Small females prefer small males: size assortative mating in Aedes aegypti mosquitoes.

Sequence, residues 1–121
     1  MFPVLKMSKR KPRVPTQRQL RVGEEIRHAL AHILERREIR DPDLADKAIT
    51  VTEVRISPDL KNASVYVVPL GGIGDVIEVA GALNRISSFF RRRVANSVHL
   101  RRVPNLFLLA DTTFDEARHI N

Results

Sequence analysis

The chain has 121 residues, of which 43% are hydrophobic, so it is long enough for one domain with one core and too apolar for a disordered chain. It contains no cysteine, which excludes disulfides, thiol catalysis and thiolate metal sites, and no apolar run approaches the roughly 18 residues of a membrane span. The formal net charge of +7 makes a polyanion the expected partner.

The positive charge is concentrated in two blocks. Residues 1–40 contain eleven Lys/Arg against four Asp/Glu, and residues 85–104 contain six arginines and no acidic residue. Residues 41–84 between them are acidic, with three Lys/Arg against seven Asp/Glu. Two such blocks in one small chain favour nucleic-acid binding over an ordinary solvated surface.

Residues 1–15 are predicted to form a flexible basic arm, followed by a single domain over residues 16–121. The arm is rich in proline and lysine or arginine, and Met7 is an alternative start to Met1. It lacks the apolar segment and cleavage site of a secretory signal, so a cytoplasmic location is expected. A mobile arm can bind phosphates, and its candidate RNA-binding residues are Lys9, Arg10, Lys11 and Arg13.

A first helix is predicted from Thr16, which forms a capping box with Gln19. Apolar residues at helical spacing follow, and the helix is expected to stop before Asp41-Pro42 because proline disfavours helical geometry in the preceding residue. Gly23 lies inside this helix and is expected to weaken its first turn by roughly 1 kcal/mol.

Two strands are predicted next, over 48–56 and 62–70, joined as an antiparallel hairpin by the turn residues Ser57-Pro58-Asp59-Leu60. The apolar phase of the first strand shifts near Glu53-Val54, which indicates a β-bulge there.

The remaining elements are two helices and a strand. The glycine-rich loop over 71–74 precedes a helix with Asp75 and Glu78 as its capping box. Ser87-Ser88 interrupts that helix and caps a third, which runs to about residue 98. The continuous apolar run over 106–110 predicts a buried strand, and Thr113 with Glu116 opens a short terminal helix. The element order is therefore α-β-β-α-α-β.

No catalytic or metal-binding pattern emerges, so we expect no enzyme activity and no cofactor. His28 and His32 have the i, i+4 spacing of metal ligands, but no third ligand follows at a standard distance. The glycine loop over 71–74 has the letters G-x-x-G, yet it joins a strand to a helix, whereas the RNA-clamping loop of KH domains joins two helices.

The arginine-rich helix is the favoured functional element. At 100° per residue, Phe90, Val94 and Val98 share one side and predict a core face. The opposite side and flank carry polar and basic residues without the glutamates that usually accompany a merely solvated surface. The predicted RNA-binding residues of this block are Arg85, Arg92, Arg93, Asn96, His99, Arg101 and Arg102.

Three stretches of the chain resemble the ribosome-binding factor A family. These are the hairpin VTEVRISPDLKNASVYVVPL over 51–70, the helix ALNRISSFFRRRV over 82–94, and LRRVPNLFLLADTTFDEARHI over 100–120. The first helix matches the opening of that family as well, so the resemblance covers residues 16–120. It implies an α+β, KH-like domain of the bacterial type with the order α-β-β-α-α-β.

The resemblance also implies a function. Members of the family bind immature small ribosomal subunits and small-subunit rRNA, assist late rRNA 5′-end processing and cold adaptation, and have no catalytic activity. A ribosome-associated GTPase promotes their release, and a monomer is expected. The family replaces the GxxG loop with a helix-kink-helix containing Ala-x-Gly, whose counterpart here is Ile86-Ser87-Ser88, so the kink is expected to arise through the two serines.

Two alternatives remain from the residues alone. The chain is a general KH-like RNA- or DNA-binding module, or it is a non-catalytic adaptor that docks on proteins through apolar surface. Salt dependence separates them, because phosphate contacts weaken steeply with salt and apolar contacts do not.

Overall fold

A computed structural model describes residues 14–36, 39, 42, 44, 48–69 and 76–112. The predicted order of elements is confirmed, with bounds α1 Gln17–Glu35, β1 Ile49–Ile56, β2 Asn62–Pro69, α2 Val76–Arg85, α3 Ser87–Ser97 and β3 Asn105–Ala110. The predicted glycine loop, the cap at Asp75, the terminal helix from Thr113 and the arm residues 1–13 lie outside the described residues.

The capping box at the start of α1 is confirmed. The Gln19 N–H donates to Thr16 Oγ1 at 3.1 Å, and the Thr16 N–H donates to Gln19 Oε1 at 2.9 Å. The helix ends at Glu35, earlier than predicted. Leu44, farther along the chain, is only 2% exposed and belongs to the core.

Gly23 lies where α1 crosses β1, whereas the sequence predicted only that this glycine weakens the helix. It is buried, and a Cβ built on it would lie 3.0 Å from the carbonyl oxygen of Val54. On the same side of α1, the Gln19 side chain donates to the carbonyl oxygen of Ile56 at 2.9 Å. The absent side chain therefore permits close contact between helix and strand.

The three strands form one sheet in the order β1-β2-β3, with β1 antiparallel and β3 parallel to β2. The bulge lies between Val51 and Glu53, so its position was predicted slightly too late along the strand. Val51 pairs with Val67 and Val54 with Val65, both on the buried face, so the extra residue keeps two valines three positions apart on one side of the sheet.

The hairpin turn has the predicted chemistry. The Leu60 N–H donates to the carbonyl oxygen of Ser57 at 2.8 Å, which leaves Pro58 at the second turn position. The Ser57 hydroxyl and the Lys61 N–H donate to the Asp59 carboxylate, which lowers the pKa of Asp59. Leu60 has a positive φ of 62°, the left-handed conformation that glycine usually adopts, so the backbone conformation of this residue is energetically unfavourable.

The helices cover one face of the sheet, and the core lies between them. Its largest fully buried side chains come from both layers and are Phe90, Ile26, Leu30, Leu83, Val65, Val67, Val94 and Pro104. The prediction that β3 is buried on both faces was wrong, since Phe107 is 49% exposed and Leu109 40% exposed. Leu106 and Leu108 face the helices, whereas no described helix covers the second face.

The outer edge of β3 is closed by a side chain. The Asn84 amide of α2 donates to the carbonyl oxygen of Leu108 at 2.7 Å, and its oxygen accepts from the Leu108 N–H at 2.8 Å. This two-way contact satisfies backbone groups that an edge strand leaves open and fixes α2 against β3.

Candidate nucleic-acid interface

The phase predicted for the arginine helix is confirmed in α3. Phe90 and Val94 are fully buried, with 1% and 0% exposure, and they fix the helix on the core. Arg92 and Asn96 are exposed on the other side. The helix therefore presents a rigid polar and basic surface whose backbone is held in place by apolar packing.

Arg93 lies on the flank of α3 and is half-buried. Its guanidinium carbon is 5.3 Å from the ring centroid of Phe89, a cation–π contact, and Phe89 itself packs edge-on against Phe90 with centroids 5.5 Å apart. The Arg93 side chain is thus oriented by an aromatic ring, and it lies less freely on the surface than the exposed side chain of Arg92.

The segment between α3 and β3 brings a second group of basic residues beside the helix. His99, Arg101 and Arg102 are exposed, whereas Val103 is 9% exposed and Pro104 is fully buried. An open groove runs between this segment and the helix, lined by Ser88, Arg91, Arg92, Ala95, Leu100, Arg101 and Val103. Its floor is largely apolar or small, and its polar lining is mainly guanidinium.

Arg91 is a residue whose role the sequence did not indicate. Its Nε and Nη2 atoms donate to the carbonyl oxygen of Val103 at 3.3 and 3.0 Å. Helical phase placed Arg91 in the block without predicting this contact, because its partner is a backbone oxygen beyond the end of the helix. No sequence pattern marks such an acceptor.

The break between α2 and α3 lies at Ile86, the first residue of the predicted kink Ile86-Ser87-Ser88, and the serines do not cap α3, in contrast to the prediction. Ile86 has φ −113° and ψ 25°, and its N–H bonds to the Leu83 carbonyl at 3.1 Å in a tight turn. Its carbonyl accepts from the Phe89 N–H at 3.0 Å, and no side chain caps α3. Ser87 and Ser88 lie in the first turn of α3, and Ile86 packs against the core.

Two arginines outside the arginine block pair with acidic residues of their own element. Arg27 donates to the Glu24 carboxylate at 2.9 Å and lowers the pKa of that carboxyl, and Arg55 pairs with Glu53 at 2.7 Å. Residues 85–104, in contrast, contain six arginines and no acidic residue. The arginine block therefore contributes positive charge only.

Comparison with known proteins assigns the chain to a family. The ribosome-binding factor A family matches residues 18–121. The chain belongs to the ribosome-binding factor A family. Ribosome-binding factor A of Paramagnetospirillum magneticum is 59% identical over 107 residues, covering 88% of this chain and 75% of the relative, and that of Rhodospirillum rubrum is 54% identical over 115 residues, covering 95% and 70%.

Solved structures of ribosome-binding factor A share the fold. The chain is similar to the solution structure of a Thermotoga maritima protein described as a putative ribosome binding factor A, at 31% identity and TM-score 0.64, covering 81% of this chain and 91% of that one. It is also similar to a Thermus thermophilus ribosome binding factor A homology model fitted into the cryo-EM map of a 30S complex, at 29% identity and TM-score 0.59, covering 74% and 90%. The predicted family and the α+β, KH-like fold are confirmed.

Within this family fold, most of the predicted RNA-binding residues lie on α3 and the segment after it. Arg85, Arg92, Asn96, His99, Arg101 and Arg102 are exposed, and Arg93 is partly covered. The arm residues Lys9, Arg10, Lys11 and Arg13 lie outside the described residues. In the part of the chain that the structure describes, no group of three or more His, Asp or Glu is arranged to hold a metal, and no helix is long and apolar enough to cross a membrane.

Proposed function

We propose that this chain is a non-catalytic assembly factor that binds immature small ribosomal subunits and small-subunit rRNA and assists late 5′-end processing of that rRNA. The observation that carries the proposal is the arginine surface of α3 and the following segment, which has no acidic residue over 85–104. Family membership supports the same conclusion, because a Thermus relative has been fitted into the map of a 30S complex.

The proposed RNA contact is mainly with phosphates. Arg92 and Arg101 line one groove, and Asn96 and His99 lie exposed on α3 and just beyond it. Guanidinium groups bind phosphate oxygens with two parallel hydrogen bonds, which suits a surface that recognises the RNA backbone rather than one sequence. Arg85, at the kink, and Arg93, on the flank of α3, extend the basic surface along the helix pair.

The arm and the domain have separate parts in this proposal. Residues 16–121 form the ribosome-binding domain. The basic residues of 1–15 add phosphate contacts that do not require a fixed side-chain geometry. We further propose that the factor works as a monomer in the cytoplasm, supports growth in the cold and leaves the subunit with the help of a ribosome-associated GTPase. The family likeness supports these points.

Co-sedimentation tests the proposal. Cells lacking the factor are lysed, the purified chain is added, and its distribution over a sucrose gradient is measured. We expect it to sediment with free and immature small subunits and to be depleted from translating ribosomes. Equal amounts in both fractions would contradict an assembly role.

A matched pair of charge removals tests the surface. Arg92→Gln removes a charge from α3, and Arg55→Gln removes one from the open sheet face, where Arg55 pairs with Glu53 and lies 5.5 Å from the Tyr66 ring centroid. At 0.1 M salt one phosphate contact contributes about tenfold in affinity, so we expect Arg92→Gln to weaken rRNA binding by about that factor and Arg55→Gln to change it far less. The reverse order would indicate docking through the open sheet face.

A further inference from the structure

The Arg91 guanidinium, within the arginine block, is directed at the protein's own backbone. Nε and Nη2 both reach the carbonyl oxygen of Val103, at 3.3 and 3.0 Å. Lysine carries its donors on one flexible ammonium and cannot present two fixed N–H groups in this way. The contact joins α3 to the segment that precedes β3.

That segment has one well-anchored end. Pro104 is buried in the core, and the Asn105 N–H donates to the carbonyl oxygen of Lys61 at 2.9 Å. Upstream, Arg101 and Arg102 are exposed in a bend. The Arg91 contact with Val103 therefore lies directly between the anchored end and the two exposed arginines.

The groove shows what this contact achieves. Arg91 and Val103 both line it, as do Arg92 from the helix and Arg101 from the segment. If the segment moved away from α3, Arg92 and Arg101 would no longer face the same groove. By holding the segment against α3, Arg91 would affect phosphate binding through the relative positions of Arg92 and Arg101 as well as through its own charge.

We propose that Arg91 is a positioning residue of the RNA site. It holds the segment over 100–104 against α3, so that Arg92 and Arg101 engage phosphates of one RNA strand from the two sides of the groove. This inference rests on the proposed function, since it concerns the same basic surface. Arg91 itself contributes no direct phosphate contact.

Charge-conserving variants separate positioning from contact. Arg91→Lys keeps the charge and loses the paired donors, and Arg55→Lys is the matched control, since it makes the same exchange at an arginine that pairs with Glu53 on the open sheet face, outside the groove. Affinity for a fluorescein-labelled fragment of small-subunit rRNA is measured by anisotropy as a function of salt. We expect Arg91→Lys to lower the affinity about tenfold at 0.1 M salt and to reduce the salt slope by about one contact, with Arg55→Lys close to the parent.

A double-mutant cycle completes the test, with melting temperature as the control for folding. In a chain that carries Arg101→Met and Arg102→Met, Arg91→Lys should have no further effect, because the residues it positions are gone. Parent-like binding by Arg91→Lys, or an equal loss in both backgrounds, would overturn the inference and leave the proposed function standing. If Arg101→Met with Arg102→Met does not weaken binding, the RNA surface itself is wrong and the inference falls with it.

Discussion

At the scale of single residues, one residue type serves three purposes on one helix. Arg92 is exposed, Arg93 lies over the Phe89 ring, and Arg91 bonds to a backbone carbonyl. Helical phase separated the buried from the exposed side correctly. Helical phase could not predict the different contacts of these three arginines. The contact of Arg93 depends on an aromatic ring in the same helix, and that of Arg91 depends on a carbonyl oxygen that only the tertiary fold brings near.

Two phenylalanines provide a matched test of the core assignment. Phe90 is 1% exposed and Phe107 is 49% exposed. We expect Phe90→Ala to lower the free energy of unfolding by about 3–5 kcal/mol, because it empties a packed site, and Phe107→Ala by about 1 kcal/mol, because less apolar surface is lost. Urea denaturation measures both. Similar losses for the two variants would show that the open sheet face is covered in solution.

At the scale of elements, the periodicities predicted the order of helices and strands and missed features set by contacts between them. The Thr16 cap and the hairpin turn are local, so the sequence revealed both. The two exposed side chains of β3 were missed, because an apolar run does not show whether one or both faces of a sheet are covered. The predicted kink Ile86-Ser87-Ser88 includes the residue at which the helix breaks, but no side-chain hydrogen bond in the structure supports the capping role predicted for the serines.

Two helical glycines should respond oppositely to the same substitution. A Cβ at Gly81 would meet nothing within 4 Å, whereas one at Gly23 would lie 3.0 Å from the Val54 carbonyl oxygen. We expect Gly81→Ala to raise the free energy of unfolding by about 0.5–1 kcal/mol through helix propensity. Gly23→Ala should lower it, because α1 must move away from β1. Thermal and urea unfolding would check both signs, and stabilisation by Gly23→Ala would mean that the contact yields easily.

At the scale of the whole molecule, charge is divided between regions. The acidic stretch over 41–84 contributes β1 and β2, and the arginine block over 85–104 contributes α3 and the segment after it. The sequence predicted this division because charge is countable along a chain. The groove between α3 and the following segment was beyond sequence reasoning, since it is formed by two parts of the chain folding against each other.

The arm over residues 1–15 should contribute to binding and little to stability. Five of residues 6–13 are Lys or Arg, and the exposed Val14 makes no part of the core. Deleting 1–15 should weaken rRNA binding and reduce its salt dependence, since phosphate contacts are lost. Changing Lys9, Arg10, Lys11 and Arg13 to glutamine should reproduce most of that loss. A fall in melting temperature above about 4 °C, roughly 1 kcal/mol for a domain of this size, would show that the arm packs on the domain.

Background: With Aedes aegypti mosquitoes now being released in field programmes aimed at disease suppression, there is interest in identifying factors influencing the mating and invasion success of released mosquitoes. One factor that can increase release success is size: released males may benefit competitively from being larger than their field counterparts. However, there could be a risk in releasing only large males if small field females avoid these males and instead prefer small males. Here we investigate this risk by evaluating mating success for mosquitoes differing in size. Results: We measured mating success indirectly by coupling size with Wolbachia-infected or uninfected mosquitoes and scoring cytoplasmic incompatibility. Large females showed no evidence of a mating preference, whereas small males were relatively more successful than large males when mating with small females, exhibiting an advantage of around 20-25%. Conclusions: Because field females typically encompass a wide range of sizes while laboratory reared (and released) males typically fall into a narrow size range of large mosquitoes, these patterns can influence the success of release programmes which rely on cytoplasmic incompatibility to suppress populations and initiate replacement invasions. Releases could include some small males generated under low food or crowded conditions to counter this issue, although this would need to be weighed against issues associated with costs of producing males of various size classes.